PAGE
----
Streams

Remember Member Items?

Monday, August 11, 2014

The discretionary funds process was overhauled this year by Council Speaker Melissa Mark-Viverito. We dig into the data to see how different council members spent their (your) money with Jeff Mays, DNAinfo political reporter. Nigel Chiwaya, DNAinfo visual journalist, dug into (and visualized) the data set of every discretionary fund to identify patterns and will help listeners do the same in the open data set on our site.


Want to Help Investigate Council Member Items?

We're working with DNAinfo to take the huge data set of council discretionary spending, and asking you to look into it and tell us what you find. Here's how.

1) Using the widget below, generate a random number (1-52) for yourself. These correspond to council members (which we've organized alphabetically).

 

Council member assignments for WNYC/DNAinfo project
 

2) Go into the open google doc and find your assigned number, which corresponds to a council member. Find the Google doc here

Curious about who each council member is? Here's a full list of this year's members

3) Look at the items related to your assigned member, and tell us what you find. Things to look for:

  • Patterns in the spending. (The DNAinfo guide above also helps on this front)
  • Particularly interesting groups.
  • Vague-sounding organizations.
  • Outliers - either very large or very small donations.
  • Anything else that catches your eye!

4) In the "Add Notes" column of the Google doc, add your thoughts. Or, post in the comments page below.

And thanks! We'll see what we find, and follow up accordingly.

Guests:

Nigel Chiwaya and Jeff Mays

Comments [8]

Thank You Brian, Jeff, and Nigel for your hard work! This is an amazing tool that most of us are seeing for the first time. In my amateur (non-scientific) opinion, the spreadsheet is very well formatted, transparent, revealing, and very timely. I am digging into my WNYC assigned Council Member's spending as well as also studying my City Councilman's spending. The information is incredibly timely and helpful as my City Council District's first working PARTICIPATORY BUDGET DISTRICT COMMITTEE meeting is this week.

Aug. 13 2014 10:25 AM
Jill in Windsor Terrace from brooklyn, kings 11215

I got Karen Koslowitz from Queens. Her choices reflected unwavering support for seniors (from food to classes & arts programming), youth, arts in education, clean streets and lots of money for food pantries. She had one big distribution to the Doe Fund for community improvement project in many different areas. It seemed to be spread out throughout the district, and given their mission also provides a livelihood for people who wouldn't have one.
The one weird one is for the Department of Sanitation for $6000. Why should the city council be picking up the tab for extra garbage pick ups?

Aug. 11 2014 07:28 PM
sasha from Cobble Hill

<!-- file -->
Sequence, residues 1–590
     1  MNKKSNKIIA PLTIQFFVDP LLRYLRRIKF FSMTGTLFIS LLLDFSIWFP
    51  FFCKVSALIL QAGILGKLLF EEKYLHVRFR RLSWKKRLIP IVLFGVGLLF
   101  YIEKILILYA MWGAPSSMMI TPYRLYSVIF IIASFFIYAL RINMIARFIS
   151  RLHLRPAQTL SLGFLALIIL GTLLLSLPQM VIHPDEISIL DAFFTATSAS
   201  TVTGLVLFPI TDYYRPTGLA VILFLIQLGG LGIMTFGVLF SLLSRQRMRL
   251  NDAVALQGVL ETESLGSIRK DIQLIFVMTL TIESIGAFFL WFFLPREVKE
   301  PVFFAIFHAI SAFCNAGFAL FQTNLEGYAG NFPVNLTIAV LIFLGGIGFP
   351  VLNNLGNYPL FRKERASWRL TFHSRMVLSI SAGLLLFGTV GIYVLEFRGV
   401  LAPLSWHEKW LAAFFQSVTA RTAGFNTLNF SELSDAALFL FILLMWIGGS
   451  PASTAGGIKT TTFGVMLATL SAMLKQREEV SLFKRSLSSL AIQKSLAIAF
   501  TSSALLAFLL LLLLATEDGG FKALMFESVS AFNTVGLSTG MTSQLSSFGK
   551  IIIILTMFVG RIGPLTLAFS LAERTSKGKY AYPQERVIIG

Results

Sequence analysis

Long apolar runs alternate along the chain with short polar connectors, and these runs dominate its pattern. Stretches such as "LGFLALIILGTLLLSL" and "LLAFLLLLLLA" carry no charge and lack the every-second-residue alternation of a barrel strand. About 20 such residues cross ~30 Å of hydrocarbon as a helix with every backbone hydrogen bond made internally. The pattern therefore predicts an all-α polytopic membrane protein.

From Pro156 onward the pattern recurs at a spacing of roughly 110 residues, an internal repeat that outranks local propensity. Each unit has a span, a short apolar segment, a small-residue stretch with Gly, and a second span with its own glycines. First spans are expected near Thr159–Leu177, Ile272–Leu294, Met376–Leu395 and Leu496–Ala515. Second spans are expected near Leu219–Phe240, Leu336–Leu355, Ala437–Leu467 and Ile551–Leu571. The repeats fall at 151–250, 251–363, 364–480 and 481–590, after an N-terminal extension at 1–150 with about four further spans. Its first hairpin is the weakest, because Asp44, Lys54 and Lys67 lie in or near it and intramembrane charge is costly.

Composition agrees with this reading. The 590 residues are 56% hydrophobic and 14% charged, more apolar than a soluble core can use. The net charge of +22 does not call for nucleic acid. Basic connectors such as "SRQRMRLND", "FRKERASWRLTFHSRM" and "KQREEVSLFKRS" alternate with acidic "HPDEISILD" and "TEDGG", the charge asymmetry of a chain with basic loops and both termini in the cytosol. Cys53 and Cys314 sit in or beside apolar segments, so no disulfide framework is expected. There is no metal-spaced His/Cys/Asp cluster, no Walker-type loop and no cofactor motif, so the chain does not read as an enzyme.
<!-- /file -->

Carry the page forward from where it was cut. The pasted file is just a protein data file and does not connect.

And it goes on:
I just added some notes for Lander. One thing that stood out was $31,500 for Prospect Park. Why so much money from one Council person? How much does everyone else put in?

Aug. 11 2014 12:18 PM
liz

Can't gt your interactive site to work. I want spending of Mark Levine D 7, I can only get the sample you put onair. Book!

Aug. 11 2014 10:59 AM
Anne from Astoria, Queens

Costa Costantinides: $90,835 to the same organization in two different categories; Variety Boys and Girls Club of Queens; under Local initiative $75,835 - under Youth $15,000. Seems like a lot of money!!!

Aug. 11 2014 10:56 AM
Michael S Seltzer from Greenwich Village

Hi Brian,

It is important to mention in this conversation how several New York City Council members have adopted a form of civic budgeting. Residents are given the opportunity to organize themselves into committees and decide on how member funds should be allocated in their districts. It is the modern-day equivalent of the original New England town meeting. The model that is being piloted in our city was adopted from Chicago, who in turn adopted it from communities in Brazil. It is a wonderful example of democracy in action!

Michael Seltzer
Distinguished Lecturer
Baruch College
School of Public Affairs

Aug. 11 2014 10:53 AM
Dave from Irvine, CA

I was randomly assigned Councilman Ulrich and I must say, I was relatively underwhelmed by his spending. It all seemed pretty appropriate and apolitical until I found that he gave $25,000 to the Queens Economic Development Corporation for "graffiti" removal. I'm going out on a limb here, but I wonder if perhaps this is to curry favor with small business owners in Queens; just a thought.

Aug. 11 2014 10:50 AM
Michael in Brooklyn

More interesting than a randomly selected council member, I looked at my own council member's spending and was quite impressed. Everyone one of the grants appeared reasonable and consistent with community values. Nothing suspect or questionable. It actually bolsters my support for this person (not mentioning who or the district number).

Aug. 11 2014 10:50 AM

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